The guidance strongly encourages responsible and fair behaviour, and gives a number of examples of particular areas in which this is encouraged, including giving relief for impaired performance, extensions of time for performance, force majeure claims, payment under contracts, exercising remedies, claiming breach of contract, enforcing termination provisions, and varying contracts. The list seems reasonably comprehensive, and covers most actions parties would seek to take in order to protect their own contractual positions.
It is important to note that this is only guidance, without legal effect, and expressly says that it is not intended to override specific contractual relief or any other legal duties or obligations. However, the approach requested by the guidance does share characteristics with the concept of “good faith”, which can be implied into contracts by the courts in certain circumstances. It is possible that the courts may consider that this guidance implies a form of good faith obligation into contracting relationships, where this might not have otherwise been the case, and so putting the requirement for responsible and fair behaviour on more of a legal footing. We will continue to monitor thinking on this issue and provide updates in due course.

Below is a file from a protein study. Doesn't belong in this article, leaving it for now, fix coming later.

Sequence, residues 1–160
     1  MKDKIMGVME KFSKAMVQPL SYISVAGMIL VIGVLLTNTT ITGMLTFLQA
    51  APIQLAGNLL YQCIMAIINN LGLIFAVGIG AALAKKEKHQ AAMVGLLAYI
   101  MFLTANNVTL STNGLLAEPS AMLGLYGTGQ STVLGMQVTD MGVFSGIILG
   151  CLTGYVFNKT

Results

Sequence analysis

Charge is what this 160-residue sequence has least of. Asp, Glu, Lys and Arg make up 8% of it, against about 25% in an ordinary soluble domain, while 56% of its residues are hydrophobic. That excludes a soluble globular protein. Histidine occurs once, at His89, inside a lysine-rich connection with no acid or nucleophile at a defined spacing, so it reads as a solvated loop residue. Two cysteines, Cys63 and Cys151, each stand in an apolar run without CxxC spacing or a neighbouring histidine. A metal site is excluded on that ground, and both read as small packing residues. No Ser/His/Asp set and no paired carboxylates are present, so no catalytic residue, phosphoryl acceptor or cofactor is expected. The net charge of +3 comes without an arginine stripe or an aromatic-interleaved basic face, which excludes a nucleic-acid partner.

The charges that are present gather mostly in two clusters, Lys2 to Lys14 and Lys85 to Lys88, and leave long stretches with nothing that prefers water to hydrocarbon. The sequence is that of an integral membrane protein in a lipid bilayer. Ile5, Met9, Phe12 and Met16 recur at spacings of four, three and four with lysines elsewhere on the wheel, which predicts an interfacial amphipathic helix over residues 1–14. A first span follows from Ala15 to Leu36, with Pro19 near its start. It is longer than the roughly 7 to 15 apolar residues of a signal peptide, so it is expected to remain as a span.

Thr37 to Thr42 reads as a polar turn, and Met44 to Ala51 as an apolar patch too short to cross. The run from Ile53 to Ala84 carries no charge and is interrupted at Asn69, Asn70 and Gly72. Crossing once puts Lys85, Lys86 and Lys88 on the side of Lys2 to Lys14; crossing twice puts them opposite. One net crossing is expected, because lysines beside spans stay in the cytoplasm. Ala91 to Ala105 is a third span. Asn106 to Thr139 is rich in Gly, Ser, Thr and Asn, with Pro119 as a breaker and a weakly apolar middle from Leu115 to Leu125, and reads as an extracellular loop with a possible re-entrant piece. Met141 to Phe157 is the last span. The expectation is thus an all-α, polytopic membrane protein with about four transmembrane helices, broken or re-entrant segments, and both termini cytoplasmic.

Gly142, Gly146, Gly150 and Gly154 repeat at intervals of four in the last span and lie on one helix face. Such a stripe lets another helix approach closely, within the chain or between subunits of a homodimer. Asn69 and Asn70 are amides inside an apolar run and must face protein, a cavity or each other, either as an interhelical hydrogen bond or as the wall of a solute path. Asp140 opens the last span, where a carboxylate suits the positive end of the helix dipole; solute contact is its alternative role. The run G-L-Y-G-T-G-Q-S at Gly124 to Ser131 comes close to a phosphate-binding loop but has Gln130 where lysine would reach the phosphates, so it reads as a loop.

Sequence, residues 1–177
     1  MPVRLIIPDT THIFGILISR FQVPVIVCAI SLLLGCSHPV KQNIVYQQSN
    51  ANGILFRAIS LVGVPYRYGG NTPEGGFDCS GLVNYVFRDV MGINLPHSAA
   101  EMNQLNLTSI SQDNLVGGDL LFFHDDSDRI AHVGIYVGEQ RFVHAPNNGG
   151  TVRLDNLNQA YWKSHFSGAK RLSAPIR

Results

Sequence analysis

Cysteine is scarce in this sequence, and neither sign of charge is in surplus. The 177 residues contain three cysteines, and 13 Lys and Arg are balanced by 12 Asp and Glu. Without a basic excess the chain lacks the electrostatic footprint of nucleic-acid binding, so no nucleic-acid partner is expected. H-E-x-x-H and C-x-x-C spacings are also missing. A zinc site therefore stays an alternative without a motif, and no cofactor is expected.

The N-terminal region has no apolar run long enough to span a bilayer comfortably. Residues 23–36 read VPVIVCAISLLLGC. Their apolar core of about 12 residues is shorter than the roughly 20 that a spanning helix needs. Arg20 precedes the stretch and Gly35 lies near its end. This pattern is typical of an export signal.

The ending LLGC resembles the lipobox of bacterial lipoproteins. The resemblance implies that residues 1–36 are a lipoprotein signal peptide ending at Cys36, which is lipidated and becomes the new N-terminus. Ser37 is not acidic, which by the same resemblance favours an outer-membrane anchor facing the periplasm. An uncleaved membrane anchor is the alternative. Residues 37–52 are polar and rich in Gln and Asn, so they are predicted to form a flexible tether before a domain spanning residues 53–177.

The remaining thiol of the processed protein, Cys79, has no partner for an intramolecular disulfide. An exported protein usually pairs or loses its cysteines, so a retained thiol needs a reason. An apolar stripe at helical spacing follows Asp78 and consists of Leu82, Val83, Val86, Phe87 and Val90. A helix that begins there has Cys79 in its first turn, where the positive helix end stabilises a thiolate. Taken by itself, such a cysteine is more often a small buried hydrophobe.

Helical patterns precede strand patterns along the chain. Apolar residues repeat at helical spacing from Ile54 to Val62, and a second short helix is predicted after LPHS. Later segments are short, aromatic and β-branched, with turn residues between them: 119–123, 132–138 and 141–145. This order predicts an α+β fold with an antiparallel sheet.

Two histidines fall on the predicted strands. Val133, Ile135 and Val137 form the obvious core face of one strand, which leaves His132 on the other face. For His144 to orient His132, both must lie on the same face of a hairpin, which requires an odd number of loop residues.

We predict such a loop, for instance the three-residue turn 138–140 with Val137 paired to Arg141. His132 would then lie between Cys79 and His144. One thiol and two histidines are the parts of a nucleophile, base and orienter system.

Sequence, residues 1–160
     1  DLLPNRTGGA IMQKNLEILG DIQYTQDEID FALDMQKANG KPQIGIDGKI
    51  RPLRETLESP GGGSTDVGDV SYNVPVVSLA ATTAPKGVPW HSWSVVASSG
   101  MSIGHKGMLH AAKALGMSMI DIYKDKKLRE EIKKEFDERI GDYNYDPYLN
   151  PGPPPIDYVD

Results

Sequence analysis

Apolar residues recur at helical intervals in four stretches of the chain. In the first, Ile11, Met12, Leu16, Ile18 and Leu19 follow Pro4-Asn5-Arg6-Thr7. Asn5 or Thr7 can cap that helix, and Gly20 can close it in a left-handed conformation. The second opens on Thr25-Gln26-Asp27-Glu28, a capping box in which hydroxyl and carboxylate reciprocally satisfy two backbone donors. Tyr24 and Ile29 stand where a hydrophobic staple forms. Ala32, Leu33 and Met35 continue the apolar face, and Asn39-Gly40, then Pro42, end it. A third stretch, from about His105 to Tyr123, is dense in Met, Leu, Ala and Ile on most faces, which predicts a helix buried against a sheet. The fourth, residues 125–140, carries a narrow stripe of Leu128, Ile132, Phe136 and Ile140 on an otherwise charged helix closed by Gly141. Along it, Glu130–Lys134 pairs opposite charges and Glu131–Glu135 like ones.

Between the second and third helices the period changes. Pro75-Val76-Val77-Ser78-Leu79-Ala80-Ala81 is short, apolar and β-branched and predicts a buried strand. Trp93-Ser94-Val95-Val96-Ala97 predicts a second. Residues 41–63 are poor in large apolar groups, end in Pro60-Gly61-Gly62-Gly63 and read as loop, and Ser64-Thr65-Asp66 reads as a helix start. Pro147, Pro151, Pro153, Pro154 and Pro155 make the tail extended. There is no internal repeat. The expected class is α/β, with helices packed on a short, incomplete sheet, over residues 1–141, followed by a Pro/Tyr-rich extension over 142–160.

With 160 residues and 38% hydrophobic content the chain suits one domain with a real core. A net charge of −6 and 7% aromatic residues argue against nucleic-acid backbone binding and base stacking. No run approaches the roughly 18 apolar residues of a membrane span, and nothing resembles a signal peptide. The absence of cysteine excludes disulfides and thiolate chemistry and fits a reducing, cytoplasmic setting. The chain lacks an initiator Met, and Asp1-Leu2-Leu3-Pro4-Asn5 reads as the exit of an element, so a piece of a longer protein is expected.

The Freeths Commercial Team can help with the review and updating of your standard terms & conditions and supply agreements, and our Debt Recovery and Dispute Management Teams are here to help you quickly and effectively deal with late payments and supplier disputes. Please get in touch to discuss how the Corporate Insolvency and Governance Act will affect your business, and what you can do about it.
If you would like to talk through the consequences for your business, please email us and one of our team will get in touch.
The content of this page is a summary of the law in force at the date of publication and is not exhaustive, nor does it contain definitive advice. Specialist legal advice should be sought in relation to any queries that may arise.